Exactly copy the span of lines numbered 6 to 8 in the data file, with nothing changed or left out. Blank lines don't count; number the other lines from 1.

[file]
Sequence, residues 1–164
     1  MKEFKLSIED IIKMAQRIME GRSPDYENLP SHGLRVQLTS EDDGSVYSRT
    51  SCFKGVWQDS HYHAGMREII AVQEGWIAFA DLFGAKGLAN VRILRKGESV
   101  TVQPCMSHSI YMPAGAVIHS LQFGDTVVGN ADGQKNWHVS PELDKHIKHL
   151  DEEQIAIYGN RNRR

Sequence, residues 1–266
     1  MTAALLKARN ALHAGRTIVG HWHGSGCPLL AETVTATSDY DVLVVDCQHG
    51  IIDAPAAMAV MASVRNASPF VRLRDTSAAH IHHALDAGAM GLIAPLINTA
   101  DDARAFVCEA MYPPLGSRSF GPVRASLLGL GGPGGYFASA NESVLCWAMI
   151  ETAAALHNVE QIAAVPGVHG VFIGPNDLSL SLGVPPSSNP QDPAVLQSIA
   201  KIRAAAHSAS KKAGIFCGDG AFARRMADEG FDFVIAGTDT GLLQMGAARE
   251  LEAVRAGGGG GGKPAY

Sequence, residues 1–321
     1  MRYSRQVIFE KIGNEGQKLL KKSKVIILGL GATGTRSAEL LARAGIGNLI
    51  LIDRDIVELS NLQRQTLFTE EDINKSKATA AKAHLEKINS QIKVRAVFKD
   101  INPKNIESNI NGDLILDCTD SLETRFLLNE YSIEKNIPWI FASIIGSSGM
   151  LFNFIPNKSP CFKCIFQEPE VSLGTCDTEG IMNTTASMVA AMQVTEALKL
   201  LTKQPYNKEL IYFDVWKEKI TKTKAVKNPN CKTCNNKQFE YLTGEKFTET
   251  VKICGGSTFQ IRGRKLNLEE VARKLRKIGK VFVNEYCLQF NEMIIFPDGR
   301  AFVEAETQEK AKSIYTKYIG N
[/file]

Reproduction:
Sequence, residues 1–266
     1  MTAALLKARN ALHAGRTIVG HWHGSGCPLL AETVTATSDY DVLVVDCQHG
    51  IIDAPAAMAV MASVRNASPF VRLRDTSAAH IHHALDAGAM GLIAPLINTA